The IRS’s “Hotel California” problem

Posted by Marc Hodak on May 29, 2008 under Unintended consequences | 4 Comments to Read

I want to follow up on my last post with the unintended consequences of Congressional policy on global taxation of U.S. citizens. As I mentioned earlier, many U.S. citizens living abroad are tiring of dealing with the IRS and renouncing their citizenship. This NYT article includes some excellent vignettes along those lines.

The legal ritual of renunciation is largely unique to the United States because other countries base taxation on residency, not citizenship, according to Ingmar Dörr, a tax lawyer with Lovells in Munich.

“We don’t have that issue,” he said. “We only have the problem that rich people who don’t want to pay taxes in Germany just move to a lower-tax country in Switzerland.”

That’s precisely the choice that the U.S. Congress wishes to deny its wealthy citizens. So, beginning in 1996, they have enacted increasingly draconian laws to make renunciation for tax avoidance purposes as difficult and costly as possible. They are, in a sense, trying a Berlin Wall solution.

To understand why Congress feels it needs a Berlin Wall strategy for American taxpayers, one only need look beyond the populist rhetoric about our wealthy paying their “fair share” to realize that our top 1 percent of households pay 28 percent of all taxes collected by the U.S. government. Congress will complain all day about “the rich,” but it does not want to let these people go.

The problem with this strategy, of course, is that what looks like a Berlin Wall to your own citizens looks like a Hotel California to outsiders who have a choice of where to check in.

How has that been working? Well, it used to be that everyone I knew from abroad was looking forward to American citizenship. Now, not a single one of my professional acquaintances wants it. They don’t mind paying their taxes while they’re here, but would just as soon be left alone by the IRS once they have departed to Toronto, Dubai, Shanghai or wherever opportunity might take them in this big world.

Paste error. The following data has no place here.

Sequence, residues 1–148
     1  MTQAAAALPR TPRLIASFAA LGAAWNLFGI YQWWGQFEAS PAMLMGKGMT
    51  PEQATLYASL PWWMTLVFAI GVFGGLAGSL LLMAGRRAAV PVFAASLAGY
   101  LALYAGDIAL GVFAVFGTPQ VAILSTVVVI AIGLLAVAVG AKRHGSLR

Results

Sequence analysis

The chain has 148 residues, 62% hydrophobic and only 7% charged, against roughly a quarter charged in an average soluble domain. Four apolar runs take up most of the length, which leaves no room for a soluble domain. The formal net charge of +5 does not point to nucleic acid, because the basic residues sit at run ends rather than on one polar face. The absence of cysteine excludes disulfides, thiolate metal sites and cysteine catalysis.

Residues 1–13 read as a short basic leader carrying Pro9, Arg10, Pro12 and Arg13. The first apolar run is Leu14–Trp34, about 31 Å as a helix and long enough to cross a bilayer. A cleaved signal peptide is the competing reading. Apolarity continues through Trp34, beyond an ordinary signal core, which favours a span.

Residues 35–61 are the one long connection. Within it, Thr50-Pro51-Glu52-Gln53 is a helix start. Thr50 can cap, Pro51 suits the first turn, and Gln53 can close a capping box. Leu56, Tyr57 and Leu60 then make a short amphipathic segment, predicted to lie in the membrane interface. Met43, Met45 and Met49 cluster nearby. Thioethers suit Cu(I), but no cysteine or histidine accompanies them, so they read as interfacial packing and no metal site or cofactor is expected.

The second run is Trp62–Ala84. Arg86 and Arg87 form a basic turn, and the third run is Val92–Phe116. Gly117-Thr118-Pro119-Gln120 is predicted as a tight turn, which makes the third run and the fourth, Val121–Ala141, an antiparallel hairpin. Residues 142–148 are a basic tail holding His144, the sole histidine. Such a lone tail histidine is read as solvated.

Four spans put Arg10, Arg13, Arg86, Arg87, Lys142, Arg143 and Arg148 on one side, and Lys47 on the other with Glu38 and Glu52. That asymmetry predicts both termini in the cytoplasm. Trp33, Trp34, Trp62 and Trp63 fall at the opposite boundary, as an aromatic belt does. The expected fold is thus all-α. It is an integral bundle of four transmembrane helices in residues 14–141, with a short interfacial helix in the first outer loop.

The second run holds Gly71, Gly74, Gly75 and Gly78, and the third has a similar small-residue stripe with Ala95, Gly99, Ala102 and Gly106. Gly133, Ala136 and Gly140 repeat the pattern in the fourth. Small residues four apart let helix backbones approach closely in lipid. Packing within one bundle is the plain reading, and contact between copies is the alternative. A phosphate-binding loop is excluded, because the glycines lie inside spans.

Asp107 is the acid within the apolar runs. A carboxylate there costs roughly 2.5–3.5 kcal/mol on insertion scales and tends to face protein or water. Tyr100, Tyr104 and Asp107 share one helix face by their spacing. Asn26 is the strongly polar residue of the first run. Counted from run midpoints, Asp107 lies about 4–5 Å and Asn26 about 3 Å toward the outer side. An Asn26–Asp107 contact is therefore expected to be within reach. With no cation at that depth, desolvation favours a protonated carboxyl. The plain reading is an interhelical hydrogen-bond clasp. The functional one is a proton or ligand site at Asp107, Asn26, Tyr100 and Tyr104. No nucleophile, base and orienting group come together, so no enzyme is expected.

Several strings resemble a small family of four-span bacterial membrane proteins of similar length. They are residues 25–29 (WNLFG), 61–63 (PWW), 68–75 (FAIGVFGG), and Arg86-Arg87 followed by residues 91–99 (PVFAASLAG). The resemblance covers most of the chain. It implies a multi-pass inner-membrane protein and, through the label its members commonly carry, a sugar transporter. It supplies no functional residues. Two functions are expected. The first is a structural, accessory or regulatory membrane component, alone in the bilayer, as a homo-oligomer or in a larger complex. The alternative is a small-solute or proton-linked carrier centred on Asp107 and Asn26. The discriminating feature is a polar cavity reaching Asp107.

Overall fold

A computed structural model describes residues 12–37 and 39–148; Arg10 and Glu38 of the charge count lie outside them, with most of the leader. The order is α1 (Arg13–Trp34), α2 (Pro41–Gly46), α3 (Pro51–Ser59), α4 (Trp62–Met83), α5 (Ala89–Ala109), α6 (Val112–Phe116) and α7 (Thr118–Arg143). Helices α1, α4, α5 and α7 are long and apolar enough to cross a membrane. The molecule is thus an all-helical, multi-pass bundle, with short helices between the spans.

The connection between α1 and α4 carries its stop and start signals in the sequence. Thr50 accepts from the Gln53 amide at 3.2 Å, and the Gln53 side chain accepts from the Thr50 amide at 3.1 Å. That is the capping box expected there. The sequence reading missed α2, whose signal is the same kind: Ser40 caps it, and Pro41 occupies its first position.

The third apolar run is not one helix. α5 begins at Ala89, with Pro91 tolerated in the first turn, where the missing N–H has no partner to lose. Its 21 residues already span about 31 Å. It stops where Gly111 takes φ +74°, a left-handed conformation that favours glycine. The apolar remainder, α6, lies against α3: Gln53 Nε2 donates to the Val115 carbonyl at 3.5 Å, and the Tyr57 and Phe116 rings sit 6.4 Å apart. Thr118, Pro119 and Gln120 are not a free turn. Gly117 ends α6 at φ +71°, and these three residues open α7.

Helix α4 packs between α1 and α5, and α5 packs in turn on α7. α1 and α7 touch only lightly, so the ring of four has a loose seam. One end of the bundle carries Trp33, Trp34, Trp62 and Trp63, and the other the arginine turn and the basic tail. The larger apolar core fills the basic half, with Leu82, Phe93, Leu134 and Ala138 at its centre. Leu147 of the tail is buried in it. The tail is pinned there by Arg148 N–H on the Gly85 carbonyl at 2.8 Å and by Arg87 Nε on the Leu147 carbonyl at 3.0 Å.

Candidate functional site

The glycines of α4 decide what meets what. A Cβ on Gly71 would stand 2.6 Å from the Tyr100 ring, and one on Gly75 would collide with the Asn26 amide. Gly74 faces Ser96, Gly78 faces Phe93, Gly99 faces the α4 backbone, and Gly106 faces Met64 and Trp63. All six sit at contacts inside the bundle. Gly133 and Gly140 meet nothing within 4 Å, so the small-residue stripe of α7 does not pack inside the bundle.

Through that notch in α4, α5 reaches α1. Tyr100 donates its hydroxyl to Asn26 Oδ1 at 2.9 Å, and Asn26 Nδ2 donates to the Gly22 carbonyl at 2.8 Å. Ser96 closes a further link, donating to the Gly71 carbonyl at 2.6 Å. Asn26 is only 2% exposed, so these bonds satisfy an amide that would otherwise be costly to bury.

This is more than just an anecdotal trend. In the five years before the 1996 change in the law, the ratio of professionals to total immigrants was a steady 15-16 percent. In the five years afterward, which included the dot-com boom that attracted so many of the world’s entrepreneurial types here, that ratio dropped to 12 percent. It is currently below 10 percent. In fact, the raw number of professionals naturalizing here in recent years is below those from the mid-1990s in the lead up to the new tax laws.

In other words, the new rules that have kept an extra few hundred of our professional class from checking out have likely scared away tens for thousands from checking in. I’ve done the math, and it’s crazy.

Consider Jan and John, both earning enough to pay about $200,000 a year in U.S. taxes for the rest of their lives, including from their pensions and savings in retirement. They each expect to leave a nice little bundle for their kids and grandkids, a well.

John is a U.S. citizen working in Singapore. The U.S. tax authorities have made his stint there very expensive, but his firm is largely eating that nut, so far. John has plenty of reasons to stay abroad, and would even consider retiring abroad in the next ten years. But he is faced with paying U.S. taxes forever because of his citizenship. He would love to have an option about where he can live and pay taxes, especially in light of constant threats by politicians back home to raise his taxes, but the U.S. severely limits his options on that latter score. We can look forward to John’s taxes in his retirement years, including a chunk of his wealth at death.

Jan is a Czech citizen who works alongside John. Their firm is trying to entice Jan to come to the U.S. for a senior management position. If he comes here with his family, he will be paying those senior executive-type taxes to the U.S. He doesn’t mind that, except that he only wants to do that for the years he is actually here. He wants the flexibility to retire anywhere without having to worry about U.S. taxes forever. Therefore, it makes no sense for Jan to pursue U.S. citizenship or permanent residence, which rules out Jan retiring in the U.S., or perhaps raising his kids here so they become permanent residents.

Keep in mind that there are about 100 Jans making their choices for every John that we’re compelling to stay. As everyone knows, in love as well as business, one is much better off figuring out how to attract the Jans than trying to trap the Johns.

  • pippen said,

    Excellent post! Worldwide taxation certainly makes no sense from a moral point of view, but I would have never figured that the U.S. should get rid of it purely in the interests of public finance.

  • Rex T said,

    Your implied suggestion that Congress end worldwide taxation because it’s better for the government in the long run will fall on deaf ears.

    Congress will tax everyone they can get away with taxing, as much as possible. Their idea of “long-term” is about two years. Unless Jan is willing to apply for permanent residence in the next year, the current Congress won’t benefit from freeing John from his lifetime obligation.

  • archon said,

    Anyone who renounces their U.S. citizenship deserves far worse punishment than just having to pay some taxes on the money this country allowed them to make.

  • jd said,

    I’ve noticed that people who think the relationship between a person and state is some sort of “social contract” generally think the contract has no escape clause.

    My attitude is that loyalty can’t just run one way. The state must keep faith with its people by not abusing their trust. If the people don’t like it they should have the right to leave.